Wednesday, October 15, 2008

Pollution, poverty, war, lights, camera... action!

As I prepared myself to write this post, I realized zero of my entries were tagged 'poverty'. But it's clear how this blog has always circled the subject.

Poverty is obviously causing various types of violence, conflict, crime, migration and malnutrition. Playing a pivotal role in a web of factors weaving a vicious downward spiral poverty in turn is also caused by many of these problems. As well as - obviously - by the reduced ecosystem services and agricultural outputs caused by gradual environmental degradation through desertification, drought, reductions in wildlife stocks et cetera, pollution and also more immediate disasters.

A simplified graphical representation of the "ecowar issues" circling poverty. These issues are connected directly too, not at all just through poverty. Many would argue I left out some orange arrows (go ahead and add your comment). But I have chosen to just include the most obvious connections. Images are Creative Commons by mitch2742, kevindooley, Taras Kalapun, IRRI Images, Goosemountains and Erik Starck.

Putting poverty at the centre of the issues of this blog for a day makes a lot of sense. So far, I have focused on the relatively rare occations when the correlation from nature to war has been particularly strong and causally obvious. But most of the time, the connection goes through several other issues before manifesting.

In this light the Permaculture slogan makes even more sense...

Earth Care, People Care, Fair Share

To steward Earth sustainably it is essential to also assure certain levels of equitability. Call it socialism or what ever, it's necessary. Only a tiny minority of hard-line neo-liberals believes inequality and poverty is necessary. The vast majority of Earths population thinks it's unfair. And it is also in conflict with ecological sustainability. One pressing danger is for our politicians to buy into the lie that curbing climate change and solving similar environmental issuse is now to be put on hold due to "the financial crisis" (see yesterdays post).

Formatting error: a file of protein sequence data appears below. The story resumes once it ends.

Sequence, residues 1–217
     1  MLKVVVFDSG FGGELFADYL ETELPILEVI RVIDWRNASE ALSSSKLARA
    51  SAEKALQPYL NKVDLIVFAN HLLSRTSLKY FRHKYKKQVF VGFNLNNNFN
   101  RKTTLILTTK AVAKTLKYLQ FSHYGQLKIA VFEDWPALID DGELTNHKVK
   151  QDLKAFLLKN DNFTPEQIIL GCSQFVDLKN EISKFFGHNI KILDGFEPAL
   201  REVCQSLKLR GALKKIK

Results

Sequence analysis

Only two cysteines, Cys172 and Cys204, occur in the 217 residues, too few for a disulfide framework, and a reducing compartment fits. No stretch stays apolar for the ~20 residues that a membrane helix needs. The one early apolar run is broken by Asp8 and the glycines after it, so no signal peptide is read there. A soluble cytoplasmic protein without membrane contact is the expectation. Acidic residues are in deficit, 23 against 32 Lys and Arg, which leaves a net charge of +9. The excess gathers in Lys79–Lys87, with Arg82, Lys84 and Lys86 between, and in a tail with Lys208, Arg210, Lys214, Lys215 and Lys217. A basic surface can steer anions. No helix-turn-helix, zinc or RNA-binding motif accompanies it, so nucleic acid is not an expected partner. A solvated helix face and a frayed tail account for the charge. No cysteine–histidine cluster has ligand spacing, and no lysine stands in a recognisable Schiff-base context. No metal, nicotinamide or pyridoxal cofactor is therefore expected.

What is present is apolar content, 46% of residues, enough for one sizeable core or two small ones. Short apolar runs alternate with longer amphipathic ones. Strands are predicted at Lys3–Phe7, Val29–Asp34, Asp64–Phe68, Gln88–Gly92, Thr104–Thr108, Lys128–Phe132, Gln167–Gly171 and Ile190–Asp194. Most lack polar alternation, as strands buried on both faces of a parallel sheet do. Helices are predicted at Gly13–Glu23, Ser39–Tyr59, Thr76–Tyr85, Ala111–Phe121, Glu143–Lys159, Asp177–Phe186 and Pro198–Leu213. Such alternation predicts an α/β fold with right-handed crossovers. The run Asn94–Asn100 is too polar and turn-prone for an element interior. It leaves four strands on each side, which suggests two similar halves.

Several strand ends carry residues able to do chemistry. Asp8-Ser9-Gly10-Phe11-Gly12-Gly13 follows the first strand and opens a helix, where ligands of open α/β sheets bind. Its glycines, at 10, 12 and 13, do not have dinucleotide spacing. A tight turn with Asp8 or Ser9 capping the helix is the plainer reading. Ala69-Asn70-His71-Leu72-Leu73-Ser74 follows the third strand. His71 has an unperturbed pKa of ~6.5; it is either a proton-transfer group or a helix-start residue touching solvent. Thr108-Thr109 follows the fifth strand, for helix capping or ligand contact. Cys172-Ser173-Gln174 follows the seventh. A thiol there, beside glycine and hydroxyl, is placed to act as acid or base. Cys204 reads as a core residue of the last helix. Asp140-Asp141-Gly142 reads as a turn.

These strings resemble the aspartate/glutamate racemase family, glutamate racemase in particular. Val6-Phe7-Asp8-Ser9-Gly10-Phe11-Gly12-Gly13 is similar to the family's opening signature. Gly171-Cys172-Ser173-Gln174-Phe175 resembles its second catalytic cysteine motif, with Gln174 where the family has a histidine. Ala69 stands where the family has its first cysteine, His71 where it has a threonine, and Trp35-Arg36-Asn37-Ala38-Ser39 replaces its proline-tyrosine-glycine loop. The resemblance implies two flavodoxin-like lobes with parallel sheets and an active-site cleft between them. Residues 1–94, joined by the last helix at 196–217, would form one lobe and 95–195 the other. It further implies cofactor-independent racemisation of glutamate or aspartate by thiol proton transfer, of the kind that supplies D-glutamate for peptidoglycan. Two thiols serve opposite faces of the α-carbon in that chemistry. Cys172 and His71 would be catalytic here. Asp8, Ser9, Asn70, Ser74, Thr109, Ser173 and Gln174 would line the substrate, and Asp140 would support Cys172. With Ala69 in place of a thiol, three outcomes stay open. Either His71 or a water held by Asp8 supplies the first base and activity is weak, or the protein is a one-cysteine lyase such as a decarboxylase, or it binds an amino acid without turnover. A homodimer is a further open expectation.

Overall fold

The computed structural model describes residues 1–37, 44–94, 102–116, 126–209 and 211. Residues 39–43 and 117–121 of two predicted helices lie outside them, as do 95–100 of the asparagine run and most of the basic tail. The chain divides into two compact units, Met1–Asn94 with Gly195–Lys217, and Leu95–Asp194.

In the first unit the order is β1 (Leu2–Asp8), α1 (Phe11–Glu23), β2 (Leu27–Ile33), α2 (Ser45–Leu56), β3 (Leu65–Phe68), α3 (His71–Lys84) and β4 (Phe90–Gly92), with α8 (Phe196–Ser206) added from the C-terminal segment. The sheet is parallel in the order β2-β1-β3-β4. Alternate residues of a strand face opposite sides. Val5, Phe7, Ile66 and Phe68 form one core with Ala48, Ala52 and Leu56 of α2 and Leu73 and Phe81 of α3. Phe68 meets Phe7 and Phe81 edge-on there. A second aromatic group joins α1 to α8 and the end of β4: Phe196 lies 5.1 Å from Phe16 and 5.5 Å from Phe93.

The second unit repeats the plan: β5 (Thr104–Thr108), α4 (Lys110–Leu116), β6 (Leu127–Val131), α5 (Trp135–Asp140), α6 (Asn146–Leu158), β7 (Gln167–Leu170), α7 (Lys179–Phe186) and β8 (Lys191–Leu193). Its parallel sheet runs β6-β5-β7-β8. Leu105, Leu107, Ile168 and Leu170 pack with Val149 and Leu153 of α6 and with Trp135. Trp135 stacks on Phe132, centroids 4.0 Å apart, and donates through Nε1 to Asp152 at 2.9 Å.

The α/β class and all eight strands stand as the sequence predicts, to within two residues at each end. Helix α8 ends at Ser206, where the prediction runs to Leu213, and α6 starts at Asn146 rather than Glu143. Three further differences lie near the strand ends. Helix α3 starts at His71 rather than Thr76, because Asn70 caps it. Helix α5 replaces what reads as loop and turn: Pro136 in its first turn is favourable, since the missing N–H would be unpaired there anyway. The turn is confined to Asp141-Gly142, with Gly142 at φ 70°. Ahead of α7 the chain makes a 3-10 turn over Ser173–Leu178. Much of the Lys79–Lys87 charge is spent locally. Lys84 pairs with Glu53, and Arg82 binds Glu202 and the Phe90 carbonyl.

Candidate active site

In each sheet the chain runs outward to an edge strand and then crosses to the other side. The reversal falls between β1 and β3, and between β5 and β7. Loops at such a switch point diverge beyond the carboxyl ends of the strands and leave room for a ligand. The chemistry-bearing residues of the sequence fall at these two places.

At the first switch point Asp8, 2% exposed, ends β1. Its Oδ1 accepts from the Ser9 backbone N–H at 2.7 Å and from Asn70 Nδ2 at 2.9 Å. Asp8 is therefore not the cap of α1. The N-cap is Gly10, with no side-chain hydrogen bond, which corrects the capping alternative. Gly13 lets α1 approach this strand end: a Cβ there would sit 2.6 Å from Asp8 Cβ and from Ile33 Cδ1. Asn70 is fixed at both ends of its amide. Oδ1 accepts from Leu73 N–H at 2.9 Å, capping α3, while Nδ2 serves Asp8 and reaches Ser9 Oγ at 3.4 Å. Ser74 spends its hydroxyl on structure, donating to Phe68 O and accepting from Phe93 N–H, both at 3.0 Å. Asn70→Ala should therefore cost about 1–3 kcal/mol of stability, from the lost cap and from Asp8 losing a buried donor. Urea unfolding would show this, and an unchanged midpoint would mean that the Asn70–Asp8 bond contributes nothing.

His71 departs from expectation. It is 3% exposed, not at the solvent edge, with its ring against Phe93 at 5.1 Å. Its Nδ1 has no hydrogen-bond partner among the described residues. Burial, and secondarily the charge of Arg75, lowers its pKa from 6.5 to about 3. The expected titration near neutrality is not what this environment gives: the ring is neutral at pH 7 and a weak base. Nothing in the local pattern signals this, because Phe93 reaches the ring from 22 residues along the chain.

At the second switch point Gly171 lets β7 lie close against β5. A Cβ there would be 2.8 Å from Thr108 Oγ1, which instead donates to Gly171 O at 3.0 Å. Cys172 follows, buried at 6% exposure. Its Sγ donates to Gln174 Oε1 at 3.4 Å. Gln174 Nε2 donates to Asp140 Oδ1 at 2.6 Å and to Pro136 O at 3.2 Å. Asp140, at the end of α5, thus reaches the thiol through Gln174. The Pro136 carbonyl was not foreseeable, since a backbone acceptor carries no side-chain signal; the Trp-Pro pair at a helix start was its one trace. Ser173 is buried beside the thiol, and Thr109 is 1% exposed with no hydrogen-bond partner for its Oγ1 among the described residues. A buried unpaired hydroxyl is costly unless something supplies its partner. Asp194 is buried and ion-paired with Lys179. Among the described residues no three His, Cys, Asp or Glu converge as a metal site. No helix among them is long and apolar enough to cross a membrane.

The whole climate change situation is a chapter on causes and effects on it's own. I'll leave it for now, but in a system as complex as Earths biosphere any large scale change is bound to cause a crisis somewhere. It is, of course, particularly linked to the above mentioned problems with deforestation and drought as well as industrialized cultures addiction to oil and the resulting disruption of the carbon cycle.

However, in stead of continuing some litany in agony, let us finish by listing some policies to halt this vicious circle around poverty:
  • Reforestation, conservation, organic agriculture
    Let nature provide us with its services, curb the greenhouse effect and provide sources of income in "the third world".
  • Promote pacifism, eradicate motivations for crime, negotiate conflicts
    Any act of aggression aggravates this vicious circle. Promote peace on all levels. Wars pollute insanely, violence sows seeds of hatred.
  • Educate everyone
    To help people live off their land, avoid diseases, prosper and innovate.
  • Face migration realistically
    Stop listening to the fear mongering politicians. Inspire positive aspects of immigration.
And actually, as I tried searching for Ecowar and poverty related news the other day I quickly found stories about a recently agreed deal to try and plant forests to fight both poverty and climate change at the same time. (My first post tagged poverty.) Great. I hope to see a lot more stories like that one in the future!

To paraphrase The Freak Brothers: "Ecosystem services will get you through times of no money better than money will get you through times of no ecosystem services".

This post is part of the Blog Action Day 2008


  1. Browsing other bloggers contributions have finally convinced me most blogs are crap. But I'll drop a link when ever I do find something OK. Like this one perhaps...

    Ending poverty and protecting the planet are not incompatible
    "Can we eliminate – or, more realistically, diminish – poverty, while protecting the environment from further destruction?

    Theoretically, yes."


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